As a designer, one of my favorite things is going to the stone yard and selecting slabs that are eventually fabricated into beautiful countertops. There are so many countertop materials available, homeowners often say it’s confusing when trying to pick the perfect one! I have listed the most common materials used today, along with their unique advantages and disadvantages. Hopefully, this will help you make the perfect choice when it comes time to build or remodel your kitchen or bath. Choosing the best countertop for your project is a big deal and you should take time to consider the best material for you and your lifestyle. The right choice will update your style, enhance entertaining, improve function, provide years of enjoyment and add significant value to your home.
Marble offers a classic look that never goes out of style and adds elegance to a kitchen. It is a natural stone and is available in a wide range of colors and patterns, making it an attractive option for homeowners. The material can be polished or honed depending on the finish you prefer. These countertops are made from slabs of marble, and the variations of veining give each piece a distinct appearance. While the stone is highly resistant to heat, cracks, and breakage, it is also extremely porous. As a result, prolonged exposure to acidic items such as lemon juice and tomato sauce can enhance the staining and scratching of the surface. The acid will etch marble, leaving a dull, whitish mark where it has slightly eaten away at the surface. To help protect your beautiful countertop, marble must be sealed regularly as it naturally tends to be more susceptible to scratches. If you are prepared to care for your marble countertops, they can be a beautiful, functional choice that lasts a lifetime.
In the design world, we don’t use as much granite as we once did. However, black granite is still being used frequently. When mixed with marble, granite offers versatility, toughness, and a sleek look. Though it showcases the beauty of natural stone, it is stain-resistant and requires minimal maintenance. To keep your countertops looking good, a sealant should be applied yearly. When properly sealed, it’s one of the most durable options out there. Unsealed granite can absorb stains such as oil, which can ultimately cause dark spots or discoloration.
Want a warm, homey look in your kitchen? Then a wood countertop may be the right choice for you. Butcher block is often used on islands as an accent. Most homeowners choose to mix wood countertops with other surfaces like natural or engineered stone to provide a variety of prep surfaces. When properly sealed and cleaned, wood countertops can be sanitary enough for chopping meat. Another bonus is that butcher block is highly heat-resistant, so you don’t have to worry about putting hot pots and pans on the surface. In order to avoid scratches, I would recommend a monthly oil sealing. If you miss a couple, these countertops can be sanded down and refinished easily to remove the unwanted stains or scratches. While most commonly made from maple, butcher block is also available in many other wood species.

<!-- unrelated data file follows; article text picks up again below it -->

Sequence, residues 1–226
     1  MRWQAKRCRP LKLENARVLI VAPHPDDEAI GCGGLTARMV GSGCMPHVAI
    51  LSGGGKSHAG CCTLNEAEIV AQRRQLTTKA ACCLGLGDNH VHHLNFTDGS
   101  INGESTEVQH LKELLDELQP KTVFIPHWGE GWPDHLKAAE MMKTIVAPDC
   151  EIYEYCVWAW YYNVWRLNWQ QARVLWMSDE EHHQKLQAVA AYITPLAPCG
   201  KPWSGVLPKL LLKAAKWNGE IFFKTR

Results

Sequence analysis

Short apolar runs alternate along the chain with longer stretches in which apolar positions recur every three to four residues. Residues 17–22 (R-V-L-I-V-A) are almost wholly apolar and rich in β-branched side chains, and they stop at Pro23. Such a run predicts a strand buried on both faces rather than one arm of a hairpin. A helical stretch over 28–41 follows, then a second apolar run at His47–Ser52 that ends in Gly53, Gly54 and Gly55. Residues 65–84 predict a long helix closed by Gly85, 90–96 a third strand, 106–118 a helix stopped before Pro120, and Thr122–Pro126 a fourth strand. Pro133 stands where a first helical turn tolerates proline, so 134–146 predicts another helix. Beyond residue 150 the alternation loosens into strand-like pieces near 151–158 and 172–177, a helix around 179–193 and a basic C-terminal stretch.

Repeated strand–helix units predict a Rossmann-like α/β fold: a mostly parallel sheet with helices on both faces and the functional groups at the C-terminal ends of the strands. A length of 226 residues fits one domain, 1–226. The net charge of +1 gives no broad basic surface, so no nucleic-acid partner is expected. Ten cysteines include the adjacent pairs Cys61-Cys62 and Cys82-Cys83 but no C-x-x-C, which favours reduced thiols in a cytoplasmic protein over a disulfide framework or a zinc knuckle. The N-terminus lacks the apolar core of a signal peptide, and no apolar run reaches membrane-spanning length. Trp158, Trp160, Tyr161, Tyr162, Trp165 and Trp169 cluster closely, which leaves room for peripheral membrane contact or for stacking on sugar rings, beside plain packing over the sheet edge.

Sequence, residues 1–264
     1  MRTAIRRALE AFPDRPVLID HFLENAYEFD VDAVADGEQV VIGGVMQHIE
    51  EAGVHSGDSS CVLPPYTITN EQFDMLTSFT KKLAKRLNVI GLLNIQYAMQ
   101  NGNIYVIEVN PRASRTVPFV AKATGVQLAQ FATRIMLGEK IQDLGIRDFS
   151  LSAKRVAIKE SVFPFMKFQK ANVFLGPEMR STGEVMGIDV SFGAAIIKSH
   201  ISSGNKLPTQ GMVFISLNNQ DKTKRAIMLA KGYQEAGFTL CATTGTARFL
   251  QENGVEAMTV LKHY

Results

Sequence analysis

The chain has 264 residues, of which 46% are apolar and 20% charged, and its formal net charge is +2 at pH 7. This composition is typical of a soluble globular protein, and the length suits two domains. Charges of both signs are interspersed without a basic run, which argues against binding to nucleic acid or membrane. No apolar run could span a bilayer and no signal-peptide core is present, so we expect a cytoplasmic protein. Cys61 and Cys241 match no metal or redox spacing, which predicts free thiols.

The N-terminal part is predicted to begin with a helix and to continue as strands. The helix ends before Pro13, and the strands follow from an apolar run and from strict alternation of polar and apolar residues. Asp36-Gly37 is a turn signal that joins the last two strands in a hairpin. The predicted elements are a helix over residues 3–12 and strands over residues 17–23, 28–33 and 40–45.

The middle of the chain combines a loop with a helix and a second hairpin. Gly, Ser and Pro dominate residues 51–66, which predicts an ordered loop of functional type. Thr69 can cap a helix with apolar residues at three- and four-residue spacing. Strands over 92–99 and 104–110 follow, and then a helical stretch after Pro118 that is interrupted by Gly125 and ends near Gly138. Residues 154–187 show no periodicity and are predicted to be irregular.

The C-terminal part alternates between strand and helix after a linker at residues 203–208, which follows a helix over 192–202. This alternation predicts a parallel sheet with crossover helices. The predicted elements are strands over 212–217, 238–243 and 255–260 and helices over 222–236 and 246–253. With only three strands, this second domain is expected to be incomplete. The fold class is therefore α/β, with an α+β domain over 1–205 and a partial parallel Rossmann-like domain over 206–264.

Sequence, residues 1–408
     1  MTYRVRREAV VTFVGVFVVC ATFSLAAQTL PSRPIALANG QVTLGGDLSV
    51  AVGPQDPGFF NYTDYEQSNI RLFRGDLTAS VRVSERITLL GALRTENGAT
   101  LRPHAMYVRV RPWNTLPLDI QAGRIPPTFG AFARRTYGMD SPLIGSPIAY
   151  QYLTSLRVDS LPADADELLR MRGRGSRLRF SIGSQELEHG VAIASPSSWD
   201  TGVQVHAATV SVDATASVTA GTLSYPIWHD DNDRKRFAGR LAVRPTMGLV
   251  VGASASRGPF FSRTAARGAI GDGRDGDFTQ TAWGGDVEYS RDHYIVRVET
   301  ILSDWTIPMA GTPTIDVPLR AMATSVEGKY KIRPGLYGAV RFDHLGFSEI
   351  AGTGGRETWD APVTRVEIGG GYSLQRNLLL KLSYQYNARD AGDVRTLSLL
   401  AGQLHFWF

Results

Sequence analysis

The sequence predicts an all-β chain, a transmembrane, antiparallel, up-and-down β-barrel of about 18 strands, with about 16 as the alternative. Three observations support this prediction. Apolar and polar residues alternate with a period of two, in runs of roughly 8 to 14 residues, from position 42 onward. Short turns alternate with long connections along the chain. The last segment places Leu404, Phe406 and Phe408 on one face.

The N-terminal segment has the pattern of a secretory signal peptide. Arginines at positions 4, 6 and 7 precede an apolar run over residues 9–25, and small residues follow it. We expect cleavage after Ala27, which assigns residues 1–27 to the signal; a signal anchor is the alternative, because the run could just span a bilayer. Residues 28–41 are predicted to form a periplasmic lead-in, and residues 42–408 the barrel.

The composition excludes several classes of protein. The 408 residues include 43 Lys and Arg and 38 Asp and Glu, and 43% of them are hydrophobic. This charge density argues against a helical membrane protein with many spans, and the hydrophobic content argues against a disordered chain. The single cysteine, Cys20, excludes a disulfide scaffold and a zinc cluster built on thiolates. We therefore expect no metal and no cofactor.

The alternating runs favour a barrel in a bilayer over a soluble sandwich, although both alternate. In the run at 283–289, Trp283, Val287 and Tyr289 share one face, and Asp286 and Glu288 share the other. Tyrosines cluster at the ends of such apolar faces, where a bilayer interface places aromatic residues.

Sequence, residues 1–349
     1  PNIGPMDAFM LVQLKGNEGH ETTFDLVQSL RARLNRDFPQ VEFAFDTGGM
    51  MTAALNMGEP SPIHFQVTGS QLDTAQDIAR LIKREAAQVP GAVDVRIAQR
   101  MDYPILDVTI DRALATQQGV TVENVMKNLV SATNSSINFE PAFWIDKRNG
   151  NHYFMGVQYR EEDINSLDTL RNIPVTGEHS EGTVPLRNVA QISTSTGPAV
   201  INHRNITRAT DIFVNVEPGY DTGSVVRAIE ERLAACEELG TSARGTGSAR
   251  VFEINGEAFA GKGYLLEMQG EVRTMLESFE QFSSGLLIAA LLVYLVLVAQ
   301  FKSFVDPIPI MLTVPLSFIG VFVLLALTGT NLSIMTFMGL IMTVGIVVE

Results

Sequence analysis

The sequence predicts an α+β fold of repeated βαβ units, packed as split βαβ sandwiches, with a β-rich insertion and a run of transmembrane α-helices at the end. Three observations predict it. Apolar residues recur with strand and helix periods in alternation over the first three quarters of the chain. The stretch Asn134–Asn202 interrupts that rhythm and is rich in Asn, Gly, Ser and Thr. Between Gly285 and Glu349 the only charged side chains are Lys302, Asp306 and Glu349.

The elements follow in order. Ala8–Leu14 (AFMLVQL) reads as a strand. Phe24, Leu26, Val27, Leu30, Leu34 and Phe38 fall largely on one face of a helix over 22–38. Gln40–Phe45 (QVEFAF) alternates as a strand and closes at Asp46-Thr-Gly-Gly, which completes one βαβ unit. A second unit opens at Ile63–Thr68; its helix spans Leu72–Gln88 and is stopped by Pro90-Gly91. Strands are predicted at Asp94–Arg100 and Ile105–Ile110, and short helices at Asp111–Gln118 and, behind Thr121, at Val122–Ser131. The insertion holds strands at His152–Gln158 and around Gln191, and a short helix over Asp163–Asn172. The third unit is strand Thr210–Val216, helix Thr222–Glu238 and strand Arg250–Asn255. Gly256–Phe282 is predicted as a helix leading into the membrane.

Design: Marianne Strong Interiors
Soapstone has a matte finish and transitions easily from traditional to contemporary settings. Highly stain and bacteria resistant, soapstone is a non-porous natural stone that’s available in a range of gray tones from light to dark, all with subtle veining. It is heat-resistant and does not readily absorb stains (although you should wipe spills quickly to be safe). Soapstone is soft and can be scratched rather easily, but imperfections may fade gradually or can be sanded out. Please note that light soapstone colors will weather over time and develop a darker and, occasionally uneven, patina which may or may not suit your color scheme. Unlike other natural stones, soapstone doesn’t require yearly sealing. However, regular applications of mineral oil several times a year will help minimize the appearance of wear, tear and cracking. Given the unique pattern and shade of each piece, soapstone countertops may be difficult to replace if there are damages or cracks on the surface.
Quartz countertops are made from an engineered composite of ground quartz, resin and pigment. The result is an extremely durable material. Practically maintenance free, engineered quartz countertops are stain, acid, scratch, heat and impact resistant and, thanks to their non-porous surface, they don’t need to be sealed like natural stone countertops. If you’re looking for more color and design options, engineered quartz might be the right fit for you. It comes in just about every shade imaginable and now even mimics marble. The most common brand names are Caesarstone, Silestone, Cambria and MSI stone.
There is no right or wrong way to go when deciding which one of these materials to use. With so many options, we encourage our clients to pick the one that is right for their family, both functionally and aesthetically!
By Danielle Schriefer, Interior Designer